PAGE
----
Using a plugin like Twitter @Anywhere Plus (for WordPress) you can easily add Twitter forms anywhere on your WordPress blog, including in posts. This makes it dead simple for your users to send a Tweet from within your blog. You can follow up a question, or appeal for feedback with a Twitter form and thereby increase the likelihood that readers will respond with feedback. Twitter forms are a great alternative to comments, and the character limit forces users to write succinct comments or questions.
If you’re having trouble provoking feedback, or you require a larger sample size, then you may want to incentivize your community by hosting a feedback contest. If you promote your blog contest well you can get a lot of valuable feedback. Ask your customers to provide some sort of feedback in exchange for entry into a random drawing for a giveaway. You can ask your customers any number of questions for which your organization requires data, or you could ask them to send in a picture, or video, of them using your products. Get creative and make your prize worth the time and effort it will take to enter the contest. If your organization doesn’t have experience hosting contests you can refer to a recent series of blog posts, and podcasts I published on the subject of blog contests. While there’s a lot to be said about hosting a blog contest the most important pieces of advice I could give you are to make your rules clear, track your entrant’s emails diligently, and ship your prize immediately following the contest.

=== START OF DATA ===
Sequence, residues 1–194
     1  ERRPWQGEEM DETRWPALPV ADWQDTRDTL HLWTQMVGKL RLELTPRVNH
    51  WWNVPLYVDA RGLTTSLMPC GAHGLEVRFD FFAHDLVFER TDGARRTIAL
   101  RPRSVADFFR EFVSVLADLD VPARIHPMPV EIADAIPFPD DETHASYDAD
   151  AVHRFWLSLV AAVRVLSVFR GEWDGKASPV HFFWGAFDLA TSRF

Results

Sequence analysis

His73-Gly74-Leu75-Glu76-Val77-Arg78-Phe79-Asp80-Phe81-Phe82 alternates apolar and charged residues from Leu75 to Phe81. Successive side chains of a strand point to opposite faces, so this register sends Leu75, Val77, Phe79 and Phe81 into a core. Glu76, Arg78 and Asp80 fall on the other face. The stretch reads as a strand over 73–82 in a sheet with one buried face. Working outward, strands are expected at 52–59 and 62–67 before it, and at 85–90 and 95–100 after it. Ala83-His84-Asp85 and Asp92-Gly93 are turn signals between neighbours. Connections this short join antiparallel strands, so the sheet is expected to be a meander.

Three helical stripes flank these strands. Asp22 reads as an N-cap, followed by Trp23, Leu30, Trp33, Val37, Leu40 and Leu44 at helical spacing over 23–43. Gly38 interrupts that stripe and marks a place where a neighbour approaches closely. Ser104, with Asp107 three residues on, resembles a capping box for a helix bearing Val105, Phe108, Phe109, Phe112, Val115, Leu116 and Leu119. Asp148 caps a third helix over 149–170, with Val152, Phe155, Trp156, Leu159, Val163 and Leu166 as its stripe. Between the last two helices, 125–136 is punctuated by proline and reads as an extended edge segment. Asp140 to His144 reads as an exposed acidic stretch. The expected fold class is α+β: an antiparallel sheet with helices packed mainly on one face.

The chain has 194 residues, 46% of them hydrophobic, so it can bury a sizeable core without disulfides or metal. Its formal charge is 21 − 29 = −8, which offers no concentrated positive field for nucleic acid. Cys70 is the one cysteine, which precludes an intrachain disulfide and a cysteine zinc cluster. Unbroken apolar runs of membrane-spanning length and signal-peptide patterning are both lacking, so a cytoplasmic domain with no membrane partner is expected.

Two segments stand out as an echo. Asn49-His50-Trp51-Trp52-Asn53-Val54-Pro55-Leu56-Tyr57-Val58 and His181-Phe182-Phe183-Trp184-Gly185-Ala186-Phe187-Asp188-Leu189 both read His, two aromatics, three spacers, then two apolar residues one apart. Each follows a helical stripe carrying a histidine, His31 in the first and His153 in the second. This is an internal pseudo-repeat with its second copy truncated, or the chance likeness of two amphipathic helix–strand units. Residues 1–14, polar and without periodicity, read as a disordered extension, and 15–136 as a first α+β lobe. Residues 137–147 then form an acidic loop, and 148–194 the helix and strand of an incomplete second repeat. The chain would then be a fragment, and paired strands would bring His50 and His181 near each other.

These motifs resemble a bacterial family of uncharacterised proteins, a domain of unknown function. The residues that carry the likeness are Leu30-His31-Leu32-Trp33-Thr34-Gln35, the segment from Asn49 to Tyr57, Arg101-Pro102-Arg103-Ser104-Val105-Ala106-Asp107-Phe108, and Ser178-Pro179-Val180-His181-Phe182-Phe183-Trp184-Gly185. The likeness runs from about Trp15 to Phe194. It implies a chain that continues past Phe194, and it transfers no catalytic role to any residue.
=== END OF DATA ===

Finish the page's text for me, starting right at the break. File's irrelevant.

Earlier I mentioned that many organizations will not allow comments for various reasons. Sometimes those reasons are good, and other times they’re not. Every organization needs to ask itself whether its current decision regarding comments is helping or hurting them. One of the benefits of allowing comments is the valuable feedback that an organization can receive via comments. Comments, done right, can provide a safe, interactive, public space for conversations to take place. Open conversations in comments can often spark great ideas that wouldn’t have been produced in a private conversations via email, or messaging. Comments bring together the simplicity of forms and the public nature of forums. While it would be irresponsible to suggest that all organizations should allow comments, it would be equally irresponsible not to remind you that comments do provide a unique, convenient mechanism for gathering important feedback from your community.
Receiving Feedback via Email, and Social Networks
While these tools exist outside of your blog, and any of them may replace your blog as a primary feedback tool it’s important to remember that most of your customers, clients, and partners will find your email or social network profiles through your website or blog. As a result you should think of your blog as a portal for these important communication tools.